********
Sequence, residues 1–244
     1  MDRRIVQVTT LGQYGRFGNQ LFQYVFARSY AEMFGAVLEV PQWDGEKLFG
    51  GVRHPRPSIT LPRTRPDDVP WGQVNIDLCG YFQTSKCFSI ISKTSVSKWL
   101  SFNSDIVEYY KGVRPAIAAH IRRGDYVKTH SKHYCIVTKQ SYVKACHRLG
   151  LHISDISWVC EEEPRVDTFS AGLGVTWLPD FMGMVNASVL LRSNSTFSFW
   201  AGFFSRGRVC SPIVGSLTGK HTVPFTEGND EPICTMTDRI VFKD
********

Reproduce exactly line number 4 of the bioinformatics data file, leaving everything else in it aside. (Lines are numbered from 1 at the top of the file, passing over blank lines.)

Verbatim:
   101  SFNSDIVEYY KGVRPAIAAH IRRGDYVKTH SKHYCIVTKQ SYVKACHRLG